Monday, May 10, 2010

RIP: J. Eric Holmes (1930 - 2010)

I read the news that J. Eric Holmes passed away on March 20, 2010 due to complications from a stroke on James Maliszewski's Grognardia blog yesterday. For players of role playing games of a certain generation, this is very sad news indeed. His passing is all the sadder because there are so many who don't know how much he contributed to the role playing game hobby. Dave Arneson and Gary Gygax created and promoted new hobby through their Dungeons and Dragons role playing game, but it was J. Eric Holmes who made that game intelligible to the world at large. His efforts, and those of Tom Moldvay and Dave Cook, are major contributions to the growth of the hobby as a whole.

J. Eric Holmes wrote the first "Basic" edition for the Dungeons and Dragons game, he describes how he -- a Professor in the Department of Neurology at USC at the time (Fight On!) -- came to write the product in his informative book Fantasy Role Playing Games (Hippocrene Books 1981) as follows:

In 1974 I persuaded Gygax that the original D&D rules needed revision and that I was the person to rewrite them. He readily conceded that there was a need for a beginners' book and "if you want to try it, go ahead..." I edited a slim (48 pages) handbook for beginners in roleplaying, published by TSR in 1977...

Without that Basic set, the role playing game hobby may have aged out with the older generation who were the majority of the audience playing the game prior to the publication of Holmes' work. Gary Gygax wrote of the importance of the Holmes Basic set to the hobby as a whole in Dragon #22:

If millions take to the fantasy world of J.R.R. Tolkien, and nearly as many follow the heroic feats of Conan, the market potential of a game system which provides participants with a pastime which creates play resembling these adventuresome worlds and their inhabitants is bounded only by its accessibility. Access has two prominent aspects; availability is the first; that is, are potential players informed of the fact that the game exists, and are they able to physically obtain it; and difficulty is the second, for if once obtained the game is so abstruse as to be able to be played only by persons with intelligence far above the norm, or if the game demands a volume of preliminary work which is prohibitive for the normal individual, this will be recognized and the offering shunned even if it is available. D&D failed on both counts, and still it grew. Today we are putting D&D onto the track where it is envisioned it will have both maximum availability and minimum difficulty. This is best illustrated in the "Basic Set."

Well over two years ago we recognized that there was a need for an introductory form of the game. In 1977, the colorfully boxed "Basic Set" was published. It contained simplified, more clearly written rules, dungeon geomorphs, selections of monsters and treasures to place in these dungeons, and a set of polyhedra dice -- in short all that a group of beginning players need to start play with relative ease.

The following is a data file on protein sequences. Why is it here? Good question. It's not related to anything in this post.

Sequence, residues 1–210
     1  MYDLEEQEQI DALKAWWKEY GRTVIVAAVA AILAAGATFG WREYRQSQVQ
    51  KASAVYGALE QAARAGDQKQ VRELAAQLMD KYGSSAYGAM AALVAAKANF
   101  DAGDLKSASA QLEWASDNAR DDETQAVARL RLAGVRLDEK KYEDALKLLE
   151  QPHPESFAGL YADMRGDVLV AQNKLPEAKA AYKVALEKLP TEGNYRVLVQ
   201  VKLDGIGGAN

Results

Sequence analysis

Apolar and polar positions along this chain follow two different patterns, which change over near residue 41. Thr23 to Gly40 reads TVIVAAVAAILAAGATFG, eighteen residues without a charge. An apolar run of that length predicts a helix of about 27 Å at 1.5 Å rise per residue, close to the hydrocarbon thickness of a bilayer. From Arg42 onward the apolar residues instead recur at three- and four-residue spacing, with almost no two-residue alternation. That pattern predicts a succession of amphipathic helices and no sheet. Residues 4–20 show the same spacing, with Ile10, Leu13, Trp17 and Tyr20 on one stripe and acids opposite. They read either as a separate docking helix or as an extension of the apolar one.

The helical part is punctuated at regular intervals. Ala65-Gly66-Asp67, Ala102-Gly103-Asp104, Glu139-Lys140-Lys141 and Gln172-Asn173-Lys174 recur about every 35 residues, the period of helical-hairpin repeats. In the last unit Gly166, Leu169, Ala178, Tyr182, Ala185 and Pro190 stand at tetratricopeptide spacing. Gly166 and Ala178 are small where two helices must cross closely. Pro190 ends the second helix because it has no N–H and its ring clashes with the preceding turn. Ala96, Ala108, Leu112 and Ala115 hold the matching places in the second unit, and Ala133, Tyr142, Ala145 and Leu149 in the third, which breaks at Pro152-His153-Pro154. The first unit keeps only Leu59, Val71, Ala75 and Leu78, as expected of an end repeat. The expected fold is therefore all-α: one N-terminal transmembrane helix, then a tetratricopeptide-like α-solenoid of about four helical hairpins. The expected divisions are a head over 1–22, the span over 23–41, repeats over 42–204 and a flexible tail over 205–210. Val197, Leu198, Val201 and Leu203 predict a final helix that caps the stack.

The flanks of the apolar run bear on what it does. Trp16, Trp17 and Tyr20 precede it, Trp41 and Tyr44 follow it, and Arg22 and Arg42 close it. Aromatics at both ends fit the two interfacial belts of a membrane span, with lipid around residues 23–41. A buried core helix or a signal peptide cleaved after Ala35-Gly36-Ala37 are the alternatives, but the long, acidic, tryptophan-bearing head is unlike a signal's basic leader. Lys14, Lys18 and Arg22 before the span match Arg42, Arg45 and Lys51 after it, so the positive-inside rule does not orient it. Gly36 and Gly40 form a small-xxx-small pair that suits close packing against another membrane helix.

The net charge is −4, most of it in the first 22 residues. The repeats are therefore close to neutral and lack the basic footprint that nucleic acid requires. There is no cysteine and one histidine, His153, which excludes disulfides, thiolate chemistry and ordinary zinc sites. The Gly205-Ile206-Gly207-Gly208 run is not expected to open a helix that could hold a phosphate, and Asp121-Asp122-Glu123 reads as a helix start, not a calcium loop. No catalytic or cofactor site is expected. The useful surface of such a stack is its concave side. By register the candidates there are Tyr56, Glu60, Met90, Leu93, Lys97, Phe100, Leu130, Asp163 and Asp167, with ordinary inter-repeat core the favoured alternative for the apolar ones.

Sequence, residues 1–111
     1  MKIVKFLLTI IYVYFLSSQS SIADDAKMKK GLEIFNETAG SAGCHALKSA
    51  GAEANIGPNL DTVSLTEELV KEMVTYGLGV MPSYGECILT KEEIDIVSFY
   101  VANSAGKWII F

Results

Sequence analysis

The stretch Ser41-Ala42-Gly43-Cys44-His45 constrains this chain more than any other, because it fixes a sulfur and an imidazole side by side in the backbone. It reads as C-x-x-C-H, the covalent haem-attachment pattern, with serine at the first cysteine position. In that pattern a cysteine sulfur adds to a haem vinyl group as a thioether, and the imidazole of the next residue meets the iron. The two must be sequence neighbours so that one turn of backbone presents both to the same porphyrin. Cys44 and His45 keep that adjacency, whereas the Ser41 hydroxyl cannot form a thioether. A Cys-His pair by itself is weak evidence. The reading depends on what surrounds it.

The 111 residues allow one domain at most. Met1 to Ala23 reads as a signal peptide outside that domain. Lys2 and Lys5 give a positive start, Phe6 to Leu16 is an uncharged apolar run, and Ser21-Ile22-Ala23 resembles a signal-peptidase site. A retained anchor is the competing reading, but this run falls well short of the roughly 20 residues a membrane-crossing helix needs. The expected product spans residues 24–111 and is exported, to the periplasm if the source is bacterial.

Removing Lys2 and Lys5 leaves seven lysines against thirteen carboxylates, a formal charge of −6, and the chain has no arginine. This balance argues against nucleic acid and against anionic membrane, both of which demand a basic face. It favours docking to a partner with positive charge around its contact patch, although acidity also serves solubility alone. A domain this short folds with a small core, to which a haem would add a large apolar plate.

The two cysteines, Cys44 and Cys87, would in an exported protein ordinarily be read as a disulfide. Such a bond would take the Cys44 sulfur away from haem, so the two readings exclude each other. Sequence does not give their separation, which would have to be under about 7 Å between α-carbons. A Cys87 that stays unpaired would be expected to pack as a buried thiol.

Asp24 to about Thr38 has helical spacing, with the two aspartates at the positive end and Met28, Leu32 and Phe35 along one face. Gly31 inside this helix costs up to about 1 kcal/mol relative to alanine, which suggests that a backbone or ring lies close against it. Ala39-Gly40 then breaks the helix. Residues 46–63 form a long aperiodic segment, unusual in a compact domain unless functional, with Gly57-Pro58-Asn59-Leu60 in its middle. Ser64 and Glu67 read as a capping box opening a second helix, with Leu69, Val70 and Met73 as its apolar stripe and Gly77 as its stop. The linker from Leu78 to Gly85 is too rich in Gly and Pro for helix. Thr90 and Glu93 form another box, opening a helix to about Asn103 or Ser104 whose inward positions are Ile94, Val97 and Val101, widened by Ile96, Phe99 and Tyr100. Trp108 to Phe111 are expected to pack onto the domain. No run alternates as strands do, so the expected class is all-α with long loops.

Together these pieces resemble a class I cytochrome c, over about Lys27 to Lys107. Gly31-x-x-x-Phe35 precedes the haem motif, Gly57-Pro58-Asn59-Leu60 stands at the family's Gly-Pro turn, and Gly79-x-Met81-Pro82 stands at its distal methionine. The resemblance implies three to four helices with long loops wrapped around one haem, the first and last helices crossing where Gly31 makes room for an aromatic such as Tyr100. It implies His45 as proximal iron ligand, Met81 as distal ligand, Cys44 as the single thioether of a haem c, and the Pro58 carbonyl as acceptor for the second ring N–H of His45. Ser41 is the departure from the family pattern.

Without the "Basic Set," D&D would have grown due to the size of the interested market, but it would not have had explosive growth. Gygax is right that the original rules failed on both the above counts, he is also right that the "Basic Set" succeeded on both. This is evident is that the "Basic Set" increased sales exponentially as it provided a pathway to the other products -- a well lit and easy to follow pathway. In the article quoted above, Gygax states that between January 1974 to December 1975 (two years of sales) 4,000 sets of the original rules were sold. Comparably, at the time the article was written (February 1979) the "Basic Set" was selling 4,000 copies per month, "and the sales graph is upward."

Holmes articulated the underlying difficulty of the original rules as follows:

When Tactical Studies Rules published the first DUNGEONS & DRAGONS rule sets, the three little books in brown covers, they were intended to guide people who were already playing the game. As a guide to learning the game, they were incomprehensible. There was no description of the use of the combat table. Magic spells were listed, but there was no mention of what we all now know is a vital aspect of the rules: that as the magic user says his spell, the words and gestures for it fade from his memory and he cannot say it again.

Holmes understood that gaming companies needed to write products that could introduce people to the hobby. They needed to promote their products to broader demographics if they wanted to survive as a viable industry. Roleplaying games tend to get more and more complex the longer the rules set remains in play, and thus become more difficult for the neophyte player. One response to the "rules bloat" has been to reboot with new editions, but this can alienate your existing player base who enjoy the complexity the game has to offer. The other solution is to offer an introductory version of the game. The hard core current players will not, as a block, purchase the product, but it is a great way to introduce new players into the hobby.

Hasbro is attempting to apply this lesson with product offerings that are coming out later this year -- among them a new Dungeons & Dragons Introductory Set.

John Eric Holmes was a great advocate for the role playing game hobby, a gaming enthusiast, and the game designer responsible for making D&D rule accessible. He was also an active member of Edgar Rice Burroughs fandom. He is definitely someone I would have loved to meet.

From one Trojan gamer to another, all I can say is Fight On!
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